European Testing Week started in 2013, as an initiative of HIV in Europe, with the initial aim of increasing testing efforts and creating awareness of the benefits of early HIV testing. Since then, the week has broadened its focus to include hepatitis testing. This year, European Testing Week will take place from 23-30 November. Ben Collins is co-chair of the working group for European Testing Week and we spoke to Ben about how you can get involved.
Could you describe what European Testing Week is and what the aims of the week are?
The week was initiated in 2013, and it was influenced by UK HIV testing week. HIV in Europe is the lead organisation behind it and it is really a science-led initiative, focused both on the science and the data but also on taking action. The week was set up intentionally to be an advocate and an influencer for HIV testing, and also to encourage people to actually ‘do the deed’ of testing.
In 2017, more than 600 organisations signed up to say they were supporting the week. That covers a broad range of activity, from running additional HIV and hepatitis testing sessions in clinics and civil society organisations, through outreach testing sessions in the community, to raising awareness about HIV and hepatitis testing. There’s always been this understanding that it’s about encouraging testing, not just focusing on people who are actually doing testing. Ultimately the aim is to reduce late diagnosis of HIV and hepatitis through making testing more accessible and through communicating the benefits of early testing.
How can people get involved?
There’s a huge website, which is a great resource for people who really want to dig into the information. There are lots of resources there, including logos and templates, and an implementation handbook (toolkit 2), all listed on the materials page. You can also sign up on the website to let us know you are taking part.
We really welcome involvement from everyone. Each year our working group has had an area that we’ve targeted, so for example we focused on speaking to people in government one year, and we chose to speak to clinicians another year. In each case we were using relevant science, so for clinicians it was about what were indicator diseases. We’ve spent time identifying the key people who could talk to other key people, and trying to really focus on creating visuals and the right materials for clinics. We’ve worked on translating a lot of materials. A lot of my work has been in central and southeast Europe and sometimes I go into a clinic and see our testing week logos all over the walls in Serbian or Croatian, so that work has been very positive.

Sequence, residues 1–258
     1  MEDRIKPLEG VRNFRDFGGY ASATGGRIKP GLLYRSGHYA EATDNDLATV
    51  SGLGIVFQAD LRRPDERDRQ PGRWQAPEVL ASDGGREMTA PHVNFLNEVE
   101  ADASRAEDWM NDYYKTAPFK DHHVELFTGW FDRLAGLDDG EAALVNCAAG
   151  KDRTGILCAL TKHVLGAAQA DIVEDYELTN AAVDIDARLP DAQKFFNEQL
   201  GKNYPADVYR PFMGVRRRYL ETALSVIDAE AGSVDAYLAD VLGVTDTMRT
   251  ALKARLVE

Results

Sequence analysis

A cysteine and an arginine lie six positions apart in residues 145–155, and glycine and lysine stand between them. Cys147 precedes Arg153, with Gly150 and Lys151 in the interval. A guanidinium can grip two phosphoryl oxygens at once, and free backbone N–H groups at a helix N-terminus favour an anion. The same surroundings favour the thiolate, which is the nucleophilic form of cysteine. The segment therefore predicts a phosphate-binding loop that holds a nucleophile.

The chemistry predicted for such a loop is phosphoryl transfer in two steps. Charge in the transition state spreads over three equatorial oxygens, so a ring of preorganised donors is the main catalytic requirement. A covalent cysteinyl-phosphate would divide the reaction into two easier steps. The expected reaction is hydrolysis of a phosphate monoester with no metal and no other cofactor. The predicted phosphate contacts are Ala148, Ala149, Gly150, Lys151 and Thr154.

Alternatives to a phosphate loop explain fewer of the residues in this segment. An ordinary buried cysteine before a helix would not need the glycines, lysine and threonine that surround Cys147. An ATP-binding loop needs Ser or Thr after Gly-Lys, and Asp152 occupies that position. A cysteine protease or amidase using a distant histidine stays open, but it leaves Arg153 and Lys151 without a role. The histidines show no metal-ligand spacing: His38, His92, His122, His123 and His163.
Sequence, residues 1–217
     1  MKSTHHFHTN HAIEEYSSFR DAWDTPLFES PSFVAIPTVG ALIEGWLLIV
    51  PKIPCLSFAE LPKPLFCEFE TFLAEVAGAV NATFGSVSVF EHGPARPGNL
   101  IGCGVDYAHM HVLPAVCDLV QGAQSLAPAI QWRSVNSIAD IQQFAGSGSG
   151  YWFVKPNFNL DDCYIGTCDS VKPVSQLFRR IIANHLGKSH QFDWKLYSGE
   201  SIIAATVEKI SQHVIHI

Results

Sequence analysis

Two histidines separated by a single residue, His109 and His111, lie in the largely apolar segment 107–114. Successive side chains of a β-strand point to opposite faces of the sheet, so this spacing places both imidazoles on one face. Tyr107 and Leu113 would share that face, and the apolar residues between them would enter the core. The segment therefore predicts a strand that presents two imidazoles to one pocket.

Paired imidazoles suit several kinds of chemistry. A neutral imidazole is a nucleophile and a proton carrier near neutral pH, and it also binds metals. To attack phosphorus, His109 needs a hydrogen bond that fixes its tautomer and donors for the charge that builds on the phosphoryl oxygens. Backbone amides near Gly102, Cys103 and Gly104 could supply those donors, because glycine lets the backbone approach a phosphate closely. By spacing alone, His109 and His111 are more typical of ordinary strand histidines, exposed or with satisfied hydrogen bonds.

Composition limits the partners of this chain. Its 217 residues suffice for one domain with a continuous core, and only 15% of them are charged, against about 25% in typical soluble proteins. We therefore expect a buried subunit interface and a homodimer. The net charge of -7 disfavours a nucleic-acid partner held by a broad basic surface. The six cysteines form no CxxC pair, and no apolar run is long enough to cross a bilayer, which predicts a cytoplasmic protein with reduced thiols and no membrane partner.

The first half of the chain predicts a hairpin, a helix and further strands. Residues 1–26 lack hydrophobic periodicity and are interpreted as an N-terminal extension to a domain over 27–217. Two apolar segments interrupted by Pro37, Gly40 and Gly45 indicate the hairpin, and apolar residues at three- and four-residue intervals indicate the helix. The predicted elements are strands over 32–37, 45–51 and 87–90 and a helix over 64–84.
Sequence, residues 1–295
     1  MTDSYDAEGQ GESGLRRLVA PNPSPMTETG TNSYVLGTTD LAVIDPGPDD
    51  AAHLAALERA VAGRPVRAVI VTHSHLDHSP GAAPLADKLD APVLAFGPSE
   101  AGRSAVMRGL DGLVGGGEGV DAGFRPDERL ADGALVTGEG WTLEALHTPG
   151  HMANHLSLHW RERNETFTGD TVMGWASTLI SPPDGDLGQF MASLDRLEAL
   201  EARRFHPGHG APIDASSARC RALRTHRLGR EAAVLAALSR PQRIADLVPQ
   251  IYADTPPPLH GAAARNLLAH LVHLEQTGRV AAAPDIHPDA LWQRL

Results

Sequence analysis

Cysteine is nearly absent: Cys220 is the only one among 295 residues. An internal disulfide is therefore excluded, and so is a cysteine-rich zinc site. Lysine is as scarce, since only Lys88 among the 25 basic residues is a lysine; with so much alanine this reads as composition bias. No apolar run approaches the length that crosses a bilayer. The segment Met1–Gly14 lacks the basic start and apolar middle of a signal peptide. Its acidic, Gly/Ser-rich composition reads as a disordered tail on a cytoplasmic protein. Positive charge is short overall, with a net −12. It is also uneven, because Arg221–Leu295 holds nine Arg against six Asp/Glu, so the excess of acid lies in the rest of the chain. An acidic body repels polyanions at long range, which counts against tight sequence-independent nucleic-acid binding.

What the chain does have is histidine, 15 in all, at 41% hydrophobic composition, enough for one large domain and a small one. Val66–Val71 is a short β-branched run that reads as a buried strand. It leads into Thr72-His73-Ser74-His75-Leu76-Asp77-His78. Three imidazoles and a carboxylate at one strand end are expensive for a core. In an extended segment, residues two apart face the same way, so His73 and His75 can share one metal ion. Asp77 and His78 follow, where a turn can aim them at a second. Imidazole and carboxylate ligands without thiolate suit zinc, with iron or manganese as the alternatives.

A couple of years ago, at the International AIDS Conference in Durban, we were doing a workshop on testing and we had this great intervention from two women from ICRSE (the International Committee for the Rights of Sex Workers in Europe) which set off a key populations project. They said we love this idea, but you know it’s a hard sell for us. We’re encouraging our populations to go for testing, but most testing in their experience is involuntary and it’s connected to criminalisation.
As a result of that intervention we developed what are really interesting key population documents, including: ‘The benefits of focusing on and mobilising key populations’ and ‘How to develop educational resources that resonate with key populations’. Those were kind of gifts from the European Testing Week group to key population groups, containing all the basic science.
What’s new this year?
This year we don’t really have a target as such, but one is emerging. We sometimes hear from people with particular issues in implementation, and we provide answers where we can through the working group. Maybe we know who they should talk to, or we know an organisation that had a similar experience. We’re thinking about drawing on that expertise, documenting these problem-solving responses and socialising them through Facebook and Twitter, so they reach a wider audience. How often do you actually see people talking about the nitty-gritty of problem-solving?
We are also thinking about how this could tie into INTEGRATE, a new EU-funded project with HIV in Europe, which sets out to integrate the key learning and practices from hepatitis, HIV, TB and STI testing. When we made the transition from being HIV Testing Week to HIV-Hepatitis Testing Week, we realised the challenges in that transition and also how important the benefits can be – recognising we’re often talking about the same populations, or at least overlapping populations, and that it’s a way of highlighting a lot of understanding and issues around key populations.